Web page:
Energy management strategies
Transport of electrical energy
Main users of energy in our societies are the transport sector, the building sector and food production. Several countries have in addition some energy intensive industries. Our first question is how much energy do we really need for these purposes? This is the issue of energy sufficiency. At present energy use is close to 100 times the metabolic energy (everyday food for one person), even if it varies quite much between countries, sectors, and individuals. Even if energy is necessary, it may be used more efficiently. Energy efficiency is as well a key task in energy management.
New Williamsburg, Brooklyn house following German Passiv Haus construction standards, for energy efficiency and air tightness.
The building sector has been very successful in reducing energy needs. The most efficient houses today are the passive houses. These use much less energy (15-25%) for heating and sometimes even have their own supplies of electricity and hot water. Passive houses have efficient insulation, heat exchanger for ventilation, and use heat from persons and machinery. Even if passive houses are not common, low energy houses start to be so. These are slightly more expensive to build, but much less expensive to use. Also, retrofitting of present buildings is possible and profitable. As an example, energy use in the building sector in Sweden could, according to the sector, be reduced by 20% with profitable investments. This figure is probably large also in other countries in the region.
The food sector has several shortcomings which lead to energy wasting. Food waste is large (some 20-30% of edible food) in many places. This can be reduced by simple means, such as better planned shopping, proper storage and taking care of leftovers. This refers both to producers, retailers, and households/restaurants. Different food has very different carbon footprints. Meat production is by far the most energy consuming, while vegetables and potatoes are much less so. But the trend in our societies is that meat consumption is increasing; 80% of the crops on our farmland are used for animal feed. Denmark has five times more pigs than people. Less meat consumption is an important step to reduce energy needs.
A German ICE high-speed trains leaves the Schellenberg-tunnel at the Nuremberg-Munich high-speed track.
The transport sector is by far the most difficult to improve. It is also the only sector where energy consumption is increasing and fossil fuels dominate. The first concern is to reduce travelling. For example, many meetings may be replaced by video conferencing. Secondly, improving public transport is a main concern, especially in cities, to reduce the role of the private car. Here we also see an important technical development. New biofuels, such as biogas, biodiesel, and bioethanol are introduced. But in the longer term electricity should be introduced since the electric motor is at least 4 times better than the combustion engine for mechanical work; train and tram is even better since rail requires less energy than tyres. Of course, the value of such changes depends on how electricity is produced. Finally, air traffic increases much; at present the environmental impacts of air traffic, including emissions, are not paid by the sector and there is a need for economic reforms. In the end, lifestyle changes are needed. We simply have to travel differently and less.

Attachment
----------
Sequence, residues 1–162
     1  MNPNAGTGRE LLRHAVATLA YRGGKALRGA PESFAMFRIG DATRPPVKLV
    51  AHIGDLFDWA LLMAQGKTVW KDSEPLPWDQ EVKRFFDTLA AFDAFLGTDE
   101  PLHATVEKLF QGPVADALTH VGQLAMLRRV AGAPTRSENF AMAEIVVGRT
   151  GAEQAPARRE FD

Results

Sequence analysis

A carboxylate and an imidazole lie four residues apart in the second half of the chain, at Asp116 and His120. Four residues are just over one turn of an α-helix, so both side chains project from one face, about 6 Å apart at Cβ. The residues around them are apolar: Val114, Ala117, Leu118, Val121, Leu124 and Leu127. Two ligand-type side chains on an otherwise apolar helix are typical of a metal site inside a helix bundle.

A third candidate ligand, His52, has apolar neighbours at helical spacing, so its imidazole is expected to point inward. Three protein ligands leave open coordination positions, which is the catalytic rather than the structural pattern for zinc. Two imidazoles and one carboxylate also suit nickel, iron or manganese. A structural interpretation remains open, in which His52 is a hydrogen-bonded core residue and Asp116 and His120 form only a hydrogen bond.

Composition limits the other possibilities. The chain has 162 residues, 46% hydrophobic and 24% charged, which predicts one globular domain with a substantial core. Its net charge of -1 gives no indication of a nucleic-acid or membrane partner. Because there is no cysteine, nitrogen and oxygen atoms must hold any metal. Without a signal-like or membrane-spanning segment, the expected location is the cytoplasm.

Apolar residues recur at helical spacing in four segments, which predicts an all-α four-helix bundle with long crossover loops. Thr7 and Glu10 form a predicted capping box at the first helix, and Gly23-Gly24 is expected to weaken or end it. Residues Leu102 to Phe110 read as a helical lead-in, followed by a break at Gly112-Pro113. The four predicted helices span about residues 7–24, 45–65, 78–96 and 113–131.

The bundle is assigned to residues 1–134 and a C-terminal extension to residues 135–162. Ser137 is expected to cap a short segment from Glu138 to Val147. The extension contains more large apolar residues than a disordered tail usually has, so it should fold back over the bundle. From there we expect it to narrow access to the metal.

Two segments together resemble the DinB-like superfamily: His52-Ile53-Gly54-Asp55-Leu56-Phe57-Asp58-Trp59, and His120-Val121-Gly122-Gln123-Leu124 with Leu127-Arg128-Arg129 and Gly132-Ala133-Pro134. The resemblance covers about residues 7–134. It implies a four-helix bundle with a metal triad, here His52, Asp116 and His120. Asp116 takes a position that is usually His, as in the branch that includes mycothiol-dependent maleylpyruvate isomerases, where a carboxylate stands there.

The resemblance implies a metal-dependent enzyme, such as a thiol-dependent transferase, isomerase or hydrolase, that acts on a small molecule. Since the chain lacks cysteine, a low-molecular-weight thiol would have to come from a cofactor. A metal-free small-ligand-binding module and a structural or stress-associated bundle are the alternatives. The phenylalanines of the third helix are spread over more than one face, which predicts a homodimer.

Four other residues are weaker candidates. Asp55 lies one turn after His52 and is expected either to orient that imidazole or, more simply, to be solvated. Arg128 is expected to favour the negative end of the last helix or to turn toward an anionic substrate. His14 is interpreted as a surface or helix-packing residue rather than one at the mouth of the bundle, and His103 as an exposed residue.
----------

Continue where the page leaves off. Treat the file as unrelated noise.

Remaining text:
There are many ways to deal with energy management. A general rule is that demand management is better than supply management. Thus, much work is done today to reduce energy use in the consumption phase. Low energy light bulbs, especially LED lighting, are 5 to 10 times more efficient than conventional bulbs. As lighting uses about 28% of electricity in an average household, a fivefold reduction is important. It is also important that machinery such as freezers, washing machines etc is energy efficient. Standby should be avoided, and simple rules, like not lighting garages and toilets when nobody is there, contribute much. In the EU, new directives supporting these changes are introduced.